Excavation in advance of engineering works along the M1 from Junctions 6a to 10 (between Hemel Hempstead and Luton) revealed significant archaeological remains of wide-ranging date. Important evidence for late Mesolithic and early Neolithic activity, including pits, was found at Junction 9, while later prehistoric features were more widely distributed but less concentrated. Late Iron Age and Roman features were most common, with significant rural settlements at Junctions 8 and 9, and further evidence for trackways and enclosures elsewhere. These sites were of fairly low status and concerned with mixed agriculture, though incidental activities included manufacture of puddingstone querns. Occupation was most intensive in the 1st-2nd centuries AD and on a reduced scale in the late Roman period. At Junction 8, however, an east-west trackway apparently survived as a landscape feature and in the 12th and 13th centuries was adjoined by a ditched enclosure containing structures belonging to a substantial farmstead.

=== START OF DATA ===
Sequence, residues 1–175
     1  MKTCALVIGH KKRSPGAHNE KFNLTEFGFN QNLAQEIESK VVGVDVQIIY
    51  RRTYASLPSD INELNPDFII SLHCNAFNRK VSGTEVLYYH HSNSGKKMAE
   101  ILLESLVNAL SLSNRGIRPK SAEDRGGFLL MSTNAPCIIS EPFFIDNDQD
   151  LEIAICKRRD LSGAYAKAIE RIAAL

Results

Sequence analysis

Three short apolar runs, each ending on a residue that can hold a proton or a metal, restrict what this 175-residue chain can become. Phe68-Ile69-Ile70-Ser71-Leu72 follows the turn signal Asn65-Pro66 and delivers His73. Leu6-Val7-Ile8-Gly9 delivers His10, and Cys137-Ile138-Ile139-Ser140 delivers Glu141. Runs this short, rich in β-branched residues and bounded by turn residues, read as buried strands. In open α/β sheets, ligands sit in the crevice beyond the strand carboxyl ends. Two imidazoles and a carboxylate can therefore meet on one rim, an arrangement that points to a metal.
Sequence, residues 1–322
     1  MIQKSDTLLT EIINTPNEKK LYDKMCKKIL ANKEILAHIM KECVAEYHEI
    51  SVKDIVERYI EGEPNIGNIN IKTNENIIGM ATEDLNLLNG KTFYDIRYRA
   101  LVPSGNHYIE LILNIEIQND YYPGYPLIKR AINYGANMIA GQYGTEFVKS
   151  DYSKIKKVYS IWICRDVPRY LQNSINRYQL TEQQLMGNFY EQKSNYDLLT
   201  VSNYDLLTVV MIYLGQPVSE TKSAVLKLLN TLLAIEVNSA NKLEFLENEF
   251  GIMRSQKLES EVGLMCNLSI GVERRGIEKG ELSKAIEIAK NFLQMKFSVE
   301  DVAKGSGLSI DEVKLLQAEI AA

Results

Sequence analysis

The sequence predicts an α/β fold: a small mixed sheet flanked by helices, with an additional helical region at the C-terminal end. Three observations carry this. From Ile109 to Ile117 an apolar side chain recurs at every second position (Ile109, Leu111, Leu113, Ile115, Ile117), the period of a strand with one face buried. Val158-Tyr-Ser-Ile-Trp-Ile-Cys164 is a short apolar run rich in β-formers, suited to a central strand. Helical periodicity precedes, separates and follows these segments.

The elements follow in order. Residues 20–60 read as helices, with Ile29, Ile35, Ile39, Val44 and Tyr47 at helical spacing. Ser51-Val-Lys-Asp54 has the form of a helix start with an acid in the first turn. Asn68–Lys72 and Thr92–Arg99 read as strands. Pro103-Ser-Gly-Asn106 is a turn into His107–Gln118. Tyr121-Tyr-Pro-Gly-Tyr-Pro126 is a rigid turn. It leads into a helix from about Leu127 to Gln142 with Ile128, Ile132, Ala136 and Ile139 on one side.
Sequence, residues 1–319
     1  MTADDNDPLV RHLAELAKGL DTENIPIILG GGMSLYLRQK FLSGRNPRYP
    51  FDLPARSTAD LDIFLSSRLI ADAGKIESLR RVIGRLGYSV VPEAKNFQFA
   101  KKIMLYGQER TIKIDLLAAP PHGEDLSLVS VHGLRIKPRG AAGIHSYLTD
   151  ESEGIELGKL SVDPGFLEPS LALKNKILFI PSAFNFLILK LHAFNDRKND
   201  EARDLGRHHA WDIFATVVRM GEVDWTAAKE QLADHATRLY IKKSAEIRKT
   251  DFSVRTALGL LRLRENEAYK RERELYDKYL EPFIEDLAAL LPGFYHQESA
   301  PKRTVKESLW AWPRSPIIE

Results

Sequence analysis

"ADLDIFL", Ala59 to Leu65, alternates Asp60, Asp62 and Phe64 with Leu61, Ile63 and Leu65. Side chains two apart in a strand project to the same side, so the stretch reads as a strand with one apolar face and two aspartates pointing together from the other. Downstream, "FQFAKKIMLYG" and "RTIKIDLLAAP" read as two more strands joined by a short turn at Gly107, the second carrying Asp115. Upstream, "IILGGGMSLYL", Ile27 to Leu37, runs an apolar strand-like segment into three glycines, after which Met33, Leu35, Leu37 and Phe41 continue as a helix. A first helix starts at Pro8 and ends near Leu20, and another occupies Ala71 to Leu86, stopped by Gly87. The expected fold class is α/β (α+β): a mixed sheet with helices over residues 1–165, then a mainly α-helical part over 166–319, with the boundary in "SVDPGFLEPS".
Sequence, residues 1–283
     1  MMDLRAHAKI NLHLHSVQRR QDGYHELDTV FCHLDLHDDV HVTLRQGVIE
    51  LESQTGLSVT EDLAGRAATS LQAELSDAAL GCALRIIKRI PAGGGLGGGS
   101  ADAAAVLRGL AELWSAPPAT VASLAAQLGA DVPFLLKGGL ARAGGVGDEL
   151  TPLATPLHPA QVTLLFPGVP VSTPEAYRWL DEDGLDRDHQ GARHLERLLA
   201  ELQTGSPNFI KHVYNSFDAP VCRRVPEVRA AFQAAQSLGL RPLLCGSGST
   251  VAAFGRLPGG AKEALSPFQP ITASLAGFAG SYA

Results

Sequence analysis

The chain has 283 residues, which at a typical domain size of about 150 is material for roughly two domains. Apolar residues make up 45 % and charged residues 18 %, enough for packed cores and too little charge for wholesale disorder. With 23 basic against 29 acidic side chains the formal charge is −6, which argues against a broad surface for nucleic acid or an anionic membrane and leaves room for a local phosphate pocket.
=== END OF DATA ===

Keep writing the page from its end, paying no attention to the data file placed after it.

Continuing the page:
Publisher: Oxford Archaeology
Number of pages: 230
Weight: 957 g
Dimensions: 299 x 214 x 14 mm
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